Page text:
And there’s your problem. No one who is a serious participant in the science-based conversation around climate change makes that argument (call it the Cartesian Certainty Claim). For those keeping score at home, this is a weak man. That’s not how science works (it’s more Humean certainty). To be charitable to Stephens, maybe he is thinking of the no doubt many confused individuals who make these sorts of claims at rallies and such. They truly could use this clarification. But that’s probably not what he means. And it would also leave standing the idea that he means to criticize. And so the problem:  it’s not fun to argue fairly and honestly. And you can’t do it in the space of an op-ed. In matters of science, you can’t do it even in the space of many many publications. It takes a long time to rock and roll, as it where.

There was a serious uproar over his hiring that again flared up this weekend. There were many good responses. The best response, I think, is this one :

A decent touchstone for newspapers to apply to opinion writers of all ideological persuasions would test whether they engage in that kind of sophistry, and a decent rule would be to not publish them if and when they do—basically, to hire good editors for their editorialists. It would be ideologically cocooning for newspapers to censor the opinion that climate change isn’t worth doing anything about, but it is neither partisan nor biased to insist that the supporting arguments be factual, logically rigorous, and sincere.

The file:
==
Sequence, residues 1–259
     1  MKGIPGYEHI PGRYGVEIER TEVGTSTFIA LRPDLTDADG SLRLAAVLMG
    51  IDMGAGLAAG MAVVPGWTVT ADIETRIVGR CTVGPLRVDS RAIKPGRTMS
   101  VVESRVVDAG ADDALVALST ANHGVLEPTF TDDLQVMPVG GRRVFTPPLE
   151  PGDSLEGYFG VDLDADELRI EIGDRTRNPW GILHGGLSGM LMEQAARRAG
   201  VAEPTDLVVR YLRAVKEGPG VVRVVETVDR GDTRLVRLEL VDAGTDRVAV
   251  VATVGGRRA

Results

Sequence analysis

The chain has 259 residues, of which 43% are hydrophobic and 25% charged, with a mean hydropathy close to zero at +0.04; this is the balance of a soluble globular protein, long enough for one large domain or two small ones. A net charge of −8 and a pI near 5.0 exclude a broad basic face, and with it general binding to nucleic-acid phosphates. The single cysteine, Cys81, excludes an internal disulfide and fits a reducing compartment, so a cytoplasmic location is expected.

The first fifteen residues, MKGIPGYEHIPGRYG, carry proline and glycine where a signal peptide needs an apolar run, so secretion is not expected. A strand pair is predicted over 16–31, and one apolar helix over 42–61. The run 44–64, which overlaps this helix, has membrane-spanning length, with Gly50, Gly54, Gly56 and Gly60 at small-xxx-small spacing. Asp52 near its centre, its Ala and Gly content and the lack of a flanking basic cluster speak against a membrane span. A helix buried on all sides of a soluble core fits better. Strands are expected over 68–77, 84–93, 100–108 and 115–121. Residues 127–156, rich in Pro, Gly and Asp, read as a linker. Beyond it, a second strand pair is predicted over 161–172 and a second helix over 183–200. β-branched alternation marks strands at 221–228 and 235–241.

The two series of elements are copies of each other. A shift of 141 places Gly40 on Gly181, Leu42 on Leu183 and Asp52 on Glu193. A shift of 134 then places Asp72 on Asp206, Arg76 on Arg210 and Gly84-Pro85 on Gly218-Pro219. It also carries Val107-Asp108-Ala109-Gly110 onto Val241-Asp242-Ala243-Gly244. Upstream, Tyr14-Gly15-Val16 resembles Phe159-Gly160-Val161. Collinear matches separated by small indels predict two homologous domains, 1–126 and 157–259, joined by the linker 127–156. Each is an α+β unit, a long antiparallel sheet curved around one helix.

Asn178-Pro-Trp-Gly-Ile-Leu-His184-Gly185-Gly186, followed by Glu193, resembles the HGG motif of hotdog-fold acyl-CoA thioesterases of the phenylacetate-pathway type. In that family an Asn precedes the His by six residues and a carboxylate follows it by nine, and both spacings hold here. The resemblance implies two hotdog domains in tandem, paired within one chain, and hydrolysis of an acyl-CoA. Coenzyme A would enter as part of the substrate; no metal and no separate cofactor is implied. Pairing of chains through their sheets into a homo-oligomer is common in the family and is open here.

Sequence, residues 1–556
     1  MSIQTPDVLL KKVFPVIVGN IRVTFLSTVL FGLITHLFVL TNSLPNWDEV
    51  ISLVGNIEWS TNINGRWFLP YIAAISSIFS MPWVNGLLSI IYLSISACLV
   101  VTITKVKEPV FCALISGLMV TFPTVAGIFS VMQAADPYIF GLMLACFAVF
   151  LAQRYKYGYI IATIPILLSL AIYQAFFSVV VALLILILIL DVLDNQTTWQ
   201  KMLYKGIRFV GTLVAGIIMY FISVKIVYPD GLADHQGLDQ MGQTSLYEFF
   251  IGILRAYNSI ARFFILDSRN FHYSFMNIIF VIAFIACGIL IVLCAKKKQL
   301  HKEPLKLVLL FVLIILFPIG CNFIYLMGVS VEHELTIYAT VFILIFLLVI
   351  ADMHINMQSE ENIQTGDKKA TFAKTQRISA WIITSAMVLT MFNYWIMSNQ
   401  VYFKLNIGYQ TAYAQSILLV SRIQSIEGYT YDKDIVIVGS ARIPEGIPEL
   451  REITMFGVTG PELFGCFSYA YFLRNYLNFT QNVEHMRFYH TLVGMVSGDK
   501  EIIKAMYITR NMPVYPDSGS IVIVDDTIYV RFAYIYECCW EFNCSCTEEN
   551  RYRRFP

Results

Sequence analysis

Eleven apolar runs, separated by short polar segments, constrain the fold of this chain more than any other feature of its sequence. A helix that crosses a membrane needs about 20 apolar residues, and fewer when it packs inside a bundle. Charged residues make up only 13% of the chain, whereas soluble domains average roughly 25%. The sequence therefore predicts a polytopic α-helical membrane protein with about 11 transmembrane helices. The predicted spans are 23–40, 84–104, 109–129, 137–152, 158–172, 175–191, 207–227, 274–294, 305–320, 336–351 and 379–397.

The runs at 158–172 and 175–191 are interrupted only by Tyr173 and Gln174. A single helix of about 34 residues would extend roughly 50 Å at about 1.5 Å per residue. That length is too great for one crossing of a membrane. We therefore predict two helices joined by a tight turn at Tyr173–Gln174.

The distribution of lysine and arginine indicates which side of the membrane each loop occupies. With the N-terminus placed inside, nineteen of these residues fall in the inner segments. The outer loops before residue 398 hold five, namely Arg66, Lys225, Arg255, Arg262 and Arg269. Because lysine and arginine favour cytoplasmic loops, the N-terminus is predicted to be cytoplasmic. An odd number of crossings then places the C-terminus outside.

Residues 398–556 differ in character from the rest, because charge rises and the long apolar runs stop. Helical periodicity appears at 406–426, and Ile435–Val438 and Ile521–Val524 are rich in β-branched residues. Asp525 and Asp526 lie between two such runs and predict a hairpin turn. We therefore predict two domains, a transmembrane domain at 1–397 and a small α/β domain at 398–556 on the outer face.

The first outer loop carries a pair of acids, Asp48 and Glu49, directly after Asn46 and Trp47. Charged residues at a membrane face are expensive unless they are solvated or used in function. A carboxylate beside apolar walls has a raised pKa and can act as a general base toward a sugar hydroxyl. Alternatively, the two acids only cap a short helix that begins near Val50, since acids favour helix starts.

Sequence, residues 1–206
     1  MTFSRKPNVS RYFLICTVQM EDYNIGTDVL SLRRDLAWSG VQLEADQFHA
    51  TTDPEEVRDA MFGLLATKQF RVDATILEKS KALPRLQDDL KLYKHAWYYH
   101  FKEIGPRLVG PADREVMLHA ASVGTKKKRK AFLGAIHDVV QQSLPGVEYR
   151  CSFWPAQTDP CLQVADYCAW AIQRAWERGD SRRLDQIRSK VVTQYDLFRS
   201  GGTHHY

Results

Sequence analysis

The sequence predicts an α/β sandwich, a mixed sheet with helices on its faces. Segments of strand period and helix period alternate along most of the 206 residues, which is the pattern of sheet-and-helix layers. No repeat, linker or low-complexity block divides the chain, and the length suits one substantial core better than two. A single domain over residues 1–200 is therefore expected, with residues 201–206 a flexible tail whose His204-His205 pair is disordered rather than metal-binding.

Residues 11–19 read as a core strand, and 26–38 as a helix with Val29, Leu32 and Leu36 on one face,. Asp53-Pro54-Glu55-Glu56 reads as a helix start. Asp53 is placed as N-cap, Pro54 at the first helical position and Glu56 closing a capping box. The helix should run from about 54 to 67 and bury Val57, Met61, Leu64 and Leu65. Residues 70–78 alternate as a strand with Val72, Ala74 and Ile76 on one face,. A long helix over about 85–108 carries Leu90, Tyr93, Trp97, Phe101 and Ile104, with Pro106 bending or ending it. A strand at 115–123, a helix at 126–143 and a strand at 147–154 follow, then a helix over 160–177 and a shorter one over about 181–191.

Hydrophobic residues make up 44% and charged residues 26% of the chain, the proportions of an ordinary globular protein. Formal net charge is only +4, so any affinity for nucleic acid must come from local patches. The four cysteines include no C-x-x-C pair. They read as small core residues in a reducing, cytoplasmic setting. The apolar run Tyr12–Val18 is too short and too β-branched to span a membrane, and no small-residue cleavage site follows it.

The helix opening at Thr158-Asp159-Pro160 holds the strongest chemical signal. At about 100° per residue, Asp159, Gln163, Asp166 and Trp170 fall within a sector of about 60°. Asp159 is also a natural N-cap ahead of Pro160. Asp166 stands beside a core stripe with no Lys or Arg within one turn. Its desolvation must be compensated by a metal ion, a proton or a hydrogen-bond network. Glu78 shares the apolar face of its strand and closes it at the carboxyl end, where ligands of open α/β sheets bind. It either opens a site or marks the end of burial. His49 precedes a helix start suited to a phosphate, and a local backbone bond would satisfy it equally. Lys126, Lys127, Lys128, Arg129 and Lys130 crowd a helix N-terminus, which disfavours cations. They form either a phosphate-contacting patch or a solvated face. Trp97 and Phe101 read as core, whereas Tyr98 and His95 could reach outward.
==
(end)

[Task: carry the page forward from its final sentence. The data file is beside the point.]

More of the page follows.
Easy enough, but it’s surprising to me how difficult it is to get newspaper types away from the idea that only single factual assertions can be the subject of editing (BTW, the one factual assertion about climate change in Stephens’ piece was wrong–the Times issued a correction).

An unforeseen cost of free speech

Freedom isn’t free.  Sure, and neither is free speech.  Some of the costs are those of ire from your allies for giving time to someone whose views you despise, some costs are the time and energy expended in ensuring that those with whom you disagree can express their views.  And there are the costs of considering and replying to their views.  These kinds of costs are familiar to those with Millian sympathiesthose who know only their own side know little of that.